Around the globe, the institution of property is part of the human condition. Nevertheless, the rules of property vary somewhat with time and place. The American law of property derives primarily from laws of England, including rules that date back nearly a millennium.
Property law delineates rights in things, primarily, but not exclusively, physical things and especially land. It includes the rules governing the initial allocation of those rights, the kinds of rights that are recognized, limitations on those rights, and the methods of transfer, both voluntary and involuntary.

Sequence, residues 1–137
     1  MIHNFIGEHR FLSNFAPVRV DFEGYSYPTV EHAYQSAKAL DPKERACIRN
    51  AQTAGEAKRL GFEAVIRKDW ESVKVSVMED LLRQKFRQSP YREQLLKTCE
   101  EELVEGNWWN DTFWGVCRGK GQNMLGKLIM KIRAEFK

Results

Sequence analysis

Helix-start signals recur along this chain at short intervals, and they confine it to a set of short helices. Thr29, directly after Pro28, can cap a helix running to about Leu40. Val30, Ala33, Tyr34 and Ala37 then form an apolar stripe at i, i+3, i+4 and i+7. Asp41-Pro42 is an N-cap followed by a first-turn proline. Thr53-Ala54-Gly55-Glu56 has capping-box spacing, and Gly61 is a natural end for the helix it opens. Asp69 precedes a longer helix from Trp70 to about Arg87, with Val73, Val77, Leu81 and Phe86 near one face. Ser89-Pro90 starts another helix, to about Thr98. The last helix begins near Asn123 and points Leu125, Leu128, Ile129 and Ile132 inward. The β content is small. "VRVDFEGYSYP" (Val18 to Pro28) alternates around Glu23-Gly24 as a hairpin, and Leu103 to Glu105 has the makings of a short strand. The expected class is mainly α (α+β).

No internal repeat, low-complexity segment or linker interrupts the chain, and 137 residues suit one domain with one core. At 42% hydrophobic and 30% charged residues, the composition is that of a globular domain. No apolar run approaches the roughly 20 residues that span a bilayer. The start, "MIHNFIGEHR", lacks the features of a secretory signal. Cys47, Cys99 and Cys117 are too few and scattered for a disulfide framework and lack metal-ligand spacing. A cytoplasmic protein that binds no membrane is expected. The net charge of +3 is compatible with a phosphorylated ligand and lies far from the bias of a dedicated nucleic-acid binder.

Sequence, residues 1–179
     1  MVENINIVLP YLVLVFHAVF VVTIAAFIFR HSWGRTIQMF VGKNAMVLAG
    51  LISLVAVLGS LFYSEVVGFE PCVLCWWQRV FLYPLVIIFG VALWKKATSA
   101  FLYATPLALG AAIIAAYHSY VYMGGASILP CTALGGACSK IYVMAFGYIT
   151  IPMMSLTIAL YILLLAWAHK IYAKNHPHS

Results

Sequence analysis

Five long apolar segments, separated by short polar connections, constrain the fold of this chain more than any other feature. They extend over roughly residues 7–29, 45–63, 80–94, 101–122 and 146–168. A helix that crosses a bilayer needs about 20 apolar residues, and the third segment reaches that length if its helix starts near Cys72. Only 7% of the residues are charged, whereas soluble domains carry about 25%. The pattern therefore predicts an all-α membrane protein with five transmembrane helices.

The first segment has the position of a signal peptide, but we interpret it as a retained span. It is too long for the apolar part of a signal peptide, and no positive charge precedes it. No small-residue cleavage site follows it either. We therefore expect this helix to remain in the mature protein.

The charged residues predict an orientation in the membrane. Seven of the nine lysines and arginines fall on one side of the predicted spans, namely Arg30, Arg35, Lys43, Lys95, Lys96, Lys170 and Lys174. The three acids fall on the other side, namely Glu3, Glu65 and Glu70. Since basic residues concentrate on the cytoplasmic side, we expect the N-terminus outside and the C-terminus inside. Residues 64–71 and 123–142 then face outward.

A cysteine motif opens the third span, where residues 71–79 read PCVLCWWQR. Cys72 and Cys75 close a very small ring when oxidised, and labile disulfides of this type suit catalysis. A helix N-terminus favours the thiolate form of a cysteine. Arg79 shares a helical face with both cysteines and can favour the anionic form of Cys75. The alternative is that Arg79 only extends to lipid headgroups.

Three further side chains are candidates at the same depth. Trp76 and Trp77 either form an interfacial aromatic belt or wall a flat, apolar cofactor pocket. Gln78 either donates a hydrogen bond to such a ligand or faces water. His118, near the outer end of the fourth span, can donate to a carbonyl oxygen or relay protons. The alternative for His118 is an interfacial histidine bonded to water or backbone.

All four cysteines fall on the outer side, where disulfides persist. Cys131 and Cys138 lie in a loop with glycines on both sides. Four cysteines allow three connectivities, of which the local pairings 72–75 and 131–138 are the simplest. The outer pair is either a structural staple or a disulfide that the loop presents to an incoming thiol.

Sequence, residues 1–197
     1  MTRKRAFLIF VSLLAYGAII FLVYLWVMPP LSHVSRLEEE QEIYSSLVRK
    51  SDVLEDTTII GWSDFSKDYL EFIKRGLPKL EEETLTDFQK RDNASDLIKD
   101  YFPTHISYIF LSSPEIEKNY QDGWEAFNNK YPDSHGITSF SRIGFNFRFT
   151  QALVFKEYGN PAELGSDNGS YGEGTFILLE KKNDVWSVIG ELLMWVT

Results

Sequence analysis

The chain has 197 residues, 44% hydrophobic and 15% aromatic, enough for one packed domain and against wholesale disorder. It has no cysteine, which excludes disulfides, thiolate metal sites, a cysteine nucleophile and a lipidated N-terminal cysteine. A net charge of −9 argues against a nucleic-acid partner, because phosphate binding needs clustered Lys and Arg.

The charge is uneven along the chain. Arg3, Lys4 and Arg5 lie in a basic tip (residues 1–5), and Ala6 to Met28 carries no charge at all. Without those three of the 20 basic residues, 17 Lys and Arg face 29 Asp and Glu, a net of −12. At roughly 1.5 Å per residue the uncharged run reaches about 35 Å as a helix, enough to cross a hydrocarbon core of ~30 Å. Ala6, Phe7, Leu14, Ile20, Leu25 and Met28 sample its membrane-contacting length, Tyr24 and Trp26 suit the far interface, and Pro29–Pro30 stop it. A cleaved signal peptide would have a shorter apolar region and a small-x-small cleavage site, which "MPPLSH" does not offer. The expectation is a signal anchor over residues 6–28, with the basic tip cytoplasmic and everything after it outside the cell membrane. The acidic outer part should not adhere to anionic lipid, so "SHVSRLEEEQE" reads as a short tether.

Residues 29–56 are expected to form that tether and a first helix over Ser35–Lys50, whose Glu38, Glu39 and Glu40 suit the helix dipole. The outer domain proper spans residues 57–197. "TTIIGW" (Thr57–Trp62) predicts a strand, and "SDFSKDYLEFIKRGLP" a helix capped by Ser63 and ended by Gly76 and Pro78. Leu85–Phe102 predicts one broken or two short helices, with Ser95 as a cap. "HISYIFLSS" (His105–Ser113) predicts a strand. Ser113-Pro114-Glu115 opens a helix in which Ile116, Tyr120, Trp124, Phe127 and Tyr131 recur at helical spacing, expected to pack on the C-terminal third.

Competency in the law of property requires an understanding of the basic structure of the vast set of detailed rules relating to things, familiarity with the special language spoken in this area of practice, and knowledge of specific areas that pose traps for the unwary lawyer. The ability to think like a lawyer is necessary but not sufficient for competency in predicting when and where the government will put its threat of force behind the claims of individuals.
The presentation of property doctrine, theory, and practice starts with the first-year course in property. Building upon that foundation, students may choose among a number of upper-level elective courses. One branch of advanced courses focuses on the transfer, development, and uses of land. The other major branch of advanced property courses focuses on gratuitous transfers of wealth.